How To Quit Your Job Without Bridges Burned

Too often today, people get fed up with their jobs and just walk away. They do it in dramatic fashion, they post viral videos, they do everything wrong. When you quit your job, no matter how your method seems right to you, a bridge may be burned. Do not burn your bridges, as you will need references and good tidings down the road. You may not know it from your time at a company, but you may be leaving a bad taste in the mouths of many people that could help you network and more. You may offend a boss that has deep connections beyond what you may see up front. It’s for that notion that you should consider a few tips for quitting your job without burning any bridges or ruining your reputation.

Proper Notice

The standard is two weeks’ notice. However, you should think about offering more than that, and even giving your time to the company to help the next person in line. If you are absolutely fed up with your company, don’t just walk off the job. Plan ahead, and tell your boss that you’re going to be leaving in writing. Then make sure to help the next person, otherwise you will be causing serious strain for the business in your absence.

Say Nothing About The Company

When you leave, say nothing bad about the company. Even if they were the “Evil Empire” to you, don’t say a negative thing. Furthermore, reassure your existing boss that you are not going to bad mouth the company when you are gone. The goal here is to professionally decline your role in the company and walk away without rocking the proverbial boat. Reputation matters, and you should uphold your end with class.

Be Considerate (Transparency)

At the end of the day, you don’t have to reveal anything to your coworkers or bosses. If you don’t want to tell them why you’re leaving, you don’t have to. You can leave things up in the air, but make sure that there is a simple reason. If you want to go into details, you can, but it’s best to not give a long narrative to why you’ve decided you needed a change. You get to choose how you illustrate your departure. Do not feel obligated to tell anyone the loathing you feel for the position etc.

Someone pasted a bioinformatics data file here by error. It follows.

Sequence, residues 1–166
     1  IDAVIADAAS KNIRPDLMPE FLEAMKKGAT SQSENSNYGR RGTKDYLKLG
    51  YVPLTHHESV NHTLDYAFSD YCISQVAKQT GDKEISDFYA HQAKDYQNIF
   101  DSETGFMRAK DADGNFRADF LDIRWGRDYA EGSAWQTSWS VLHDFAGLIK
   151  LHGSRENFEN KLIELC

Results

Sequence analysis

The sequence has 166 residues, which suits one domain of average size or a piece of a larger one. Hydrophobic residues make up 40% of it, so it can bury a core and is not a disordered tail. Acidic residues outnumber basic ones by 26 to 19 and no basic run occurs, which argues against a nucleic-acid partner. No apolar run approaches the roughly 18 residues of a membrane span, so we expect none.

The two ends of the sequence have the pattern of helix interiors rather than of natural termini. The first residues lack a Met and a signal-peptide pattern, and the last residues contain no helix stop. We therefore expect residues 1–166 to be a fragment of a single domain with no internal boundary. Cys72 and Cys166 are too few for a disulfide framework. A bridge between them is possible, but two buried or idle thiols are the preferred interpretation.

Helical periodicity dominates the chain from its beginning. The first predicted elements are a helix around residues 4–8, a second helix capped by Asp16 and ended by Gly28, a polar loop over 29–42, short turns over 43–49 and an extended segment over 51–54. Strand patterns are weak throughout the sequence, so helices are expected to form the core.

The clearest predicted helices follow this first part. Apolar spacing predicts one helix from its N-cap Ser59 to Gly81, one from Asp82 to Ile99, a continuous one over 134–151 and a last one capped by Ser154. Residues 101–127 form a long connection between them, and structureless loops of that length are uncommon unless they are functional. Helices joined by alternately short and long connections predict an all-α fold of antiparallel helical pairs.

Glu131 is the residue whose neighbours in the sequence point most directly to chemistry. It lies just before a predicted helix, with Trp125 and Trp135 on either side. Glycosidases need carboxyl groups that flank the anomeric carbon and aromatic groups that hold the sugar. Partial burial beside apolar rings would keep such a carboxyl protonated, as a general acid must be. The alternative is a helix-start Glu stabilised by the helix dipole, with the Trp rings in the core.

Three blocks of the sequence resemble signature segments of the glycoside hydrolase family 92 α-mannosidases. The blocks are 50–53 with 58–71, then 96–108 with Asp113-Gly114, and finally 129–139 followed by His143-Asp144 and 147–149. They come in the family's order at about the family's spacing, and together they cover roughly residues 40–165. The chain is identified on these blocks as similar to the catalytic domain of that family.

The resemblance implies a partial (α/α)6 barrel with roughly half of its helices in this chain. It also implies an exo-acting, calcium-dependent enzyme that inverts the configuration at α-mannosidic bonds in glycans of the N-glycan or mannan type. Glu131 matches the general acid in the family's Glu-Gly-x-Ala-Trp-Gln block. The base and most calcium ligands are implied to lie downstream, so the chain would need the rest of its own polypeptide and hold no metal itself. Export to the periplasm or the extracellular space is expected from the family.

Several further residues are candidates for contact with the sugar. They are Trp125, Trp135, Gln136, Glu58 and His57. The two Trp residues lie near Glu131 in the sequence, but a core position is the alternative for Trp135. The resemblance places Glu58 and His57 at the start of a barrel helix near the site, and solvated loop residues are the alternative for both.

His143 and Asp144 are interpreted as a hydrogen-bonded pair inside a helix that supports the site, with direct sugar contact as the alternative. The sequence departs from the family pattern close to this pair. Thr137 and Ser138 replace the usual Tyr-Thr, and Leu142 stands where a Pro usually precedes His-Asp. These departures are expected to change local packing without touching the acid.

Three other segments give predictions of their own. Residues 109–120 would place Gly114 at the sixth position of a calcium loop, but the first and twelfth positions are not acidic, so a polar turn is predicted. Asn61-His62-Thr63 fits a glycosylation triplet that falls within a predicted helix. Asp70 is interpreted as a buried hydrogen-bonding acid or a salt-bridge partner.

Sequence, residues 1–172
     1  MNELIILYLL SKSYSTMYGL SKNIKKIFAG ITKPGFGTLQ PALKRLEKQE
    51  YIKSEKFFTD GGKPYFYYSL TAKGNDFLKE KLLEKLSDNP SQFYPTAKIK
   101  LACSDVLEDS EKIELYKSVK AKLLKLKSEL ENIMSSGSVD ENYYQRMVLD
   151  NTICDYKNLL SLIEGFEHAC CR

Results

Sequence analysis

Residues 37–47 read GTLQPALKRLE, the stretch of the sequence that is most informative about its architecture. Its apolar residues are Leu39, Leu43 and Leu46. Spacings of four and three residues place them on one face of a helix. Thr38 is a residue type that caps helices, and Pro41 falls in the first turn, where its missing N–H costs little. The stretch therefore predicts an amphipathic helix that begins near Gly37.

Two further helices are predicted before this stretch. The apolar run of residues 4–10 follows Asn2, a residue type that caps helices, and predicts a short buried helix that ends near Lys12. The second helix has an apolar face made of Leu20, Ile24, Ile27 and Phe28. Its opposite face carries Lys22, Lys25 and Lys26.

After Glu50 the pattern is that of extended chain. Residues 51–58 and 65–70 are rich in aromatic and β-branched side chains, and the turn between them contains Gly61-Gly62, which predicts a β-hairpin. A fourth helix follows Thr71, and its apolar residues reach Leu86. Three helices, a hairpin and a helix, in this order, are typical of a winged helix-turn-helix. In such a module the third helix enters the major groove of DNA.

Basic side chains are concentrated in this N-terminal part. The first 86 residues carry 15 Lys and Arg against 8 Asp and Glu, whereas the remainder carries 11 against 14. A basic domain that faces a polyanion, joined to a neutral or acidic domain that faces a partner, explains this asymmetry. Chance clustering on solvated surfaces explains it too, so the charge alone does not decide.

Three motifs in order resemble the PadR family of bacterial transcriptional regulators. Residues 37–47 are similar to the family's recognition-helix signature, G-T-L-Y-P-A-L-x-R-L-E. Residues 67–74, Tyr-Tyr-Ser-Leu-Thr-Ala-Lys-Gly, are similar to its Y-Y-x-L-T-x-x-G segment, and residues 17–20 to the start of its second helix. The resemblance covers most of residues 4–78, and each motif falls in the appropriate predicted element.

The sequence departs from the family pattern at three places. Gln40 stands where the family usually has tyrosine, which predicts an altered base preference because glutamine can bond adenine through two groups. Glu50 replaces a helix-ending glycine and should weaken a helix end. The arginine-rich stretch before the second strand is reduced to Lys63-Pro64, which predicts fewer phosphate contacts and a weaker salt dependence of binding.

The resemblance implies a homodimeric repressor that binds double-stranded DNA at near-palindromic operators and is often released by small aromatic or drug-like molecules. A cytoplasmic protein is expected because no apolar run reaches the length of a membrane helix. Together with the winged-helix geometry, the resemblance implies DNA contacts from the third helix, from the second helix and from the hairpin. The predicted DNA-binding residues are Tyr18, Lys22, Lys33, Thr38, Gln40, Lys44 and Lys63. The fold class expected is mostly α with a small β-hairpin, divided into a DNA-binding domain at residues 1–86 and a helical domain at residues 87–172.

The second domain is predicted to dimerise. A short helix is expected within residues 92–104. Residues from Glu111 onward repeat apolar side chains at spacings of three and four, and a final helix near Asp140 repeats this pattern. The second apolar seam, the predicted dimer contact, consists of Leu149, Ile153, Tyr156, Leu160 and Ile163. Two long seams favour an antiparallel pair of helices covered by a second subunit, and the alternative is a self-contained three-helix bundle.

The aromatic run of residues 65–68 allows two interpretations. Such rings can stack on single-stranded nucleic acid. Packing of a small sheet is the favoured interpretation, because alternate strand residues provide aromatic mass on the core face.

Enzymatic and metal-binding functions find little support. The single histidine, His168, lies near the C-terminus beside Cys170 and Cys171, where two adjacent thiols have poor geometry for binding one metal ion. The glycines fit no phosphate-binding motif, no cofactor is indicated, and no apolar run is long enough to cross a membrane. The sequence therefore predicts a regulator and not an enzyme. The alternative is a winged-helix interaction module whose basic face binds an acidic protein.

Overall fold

Too often today people get fed up with their jobs and just walk away. They do it in dramatic fashion, they post viral videos, they do everything wrong. When you quit your job, no matter how your method seems right to you, a bridge may be burned. Do not burn your bridges, as you will need references and good tidings down the road. You may not know it from your time at a company, but you may be leaving a bad taste in the mouths of many people that could help you network and more. You may offend a boss that has deep connections beyond what you may see up front. It’s for that notion that you should consider a few tips for quitting your job without burning any bridges or ruining your reputation.

Proper Notice

The standard is two weeks’ notice. However, you should think about offering more than that, and even giving your time to the company to help the next person in line. If you are absolutely fed up with your company, don’t just walk off the job. Plan ahead, and tell your boss that you’re going to be leaving in writing. Then make sure to help the next person, otherwise you will be causing serious strain for the business in your absence.

Say Nothing About The Company

When you leave, say nothing bad about the company. Even if they were the “Evil Empire” to you, don’t say a negative thing. Furthermore, reassure your existing boss that you are not going to bad mouth the company when you are gone. The goal here is to professionally decline your role in the company and walk away without rocking the proverbial boat. Reputation matters, and you should uphold your end with class.

Be Considerate (Transparency)

At the end of the day, you don’t have to reveal anything to your coworkers or bosses. If you don’t want to tell them why you’re leaving, you don’t have to. You can leave things up in the air, but make sure that there is a simple reason. If you want to go into details, you can, but it’s best to not give a long narrative to why you’ve decided you needed a change. You get to choose how you illustrate your departure. Do not feel obligated to tell anyone the loathing you feel for the position etc.

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Jon D Jones

Software Architect, Programmer and Technologist Jon Jones is founder and CEO of London-based tech firm Digital Prompt. He has been working in the field for nearly a decade, specializing in new technologies and technical solution research in the web business. A passionate blogger by heart , speaker & consultant from England.. always on the hunt for the next challenge

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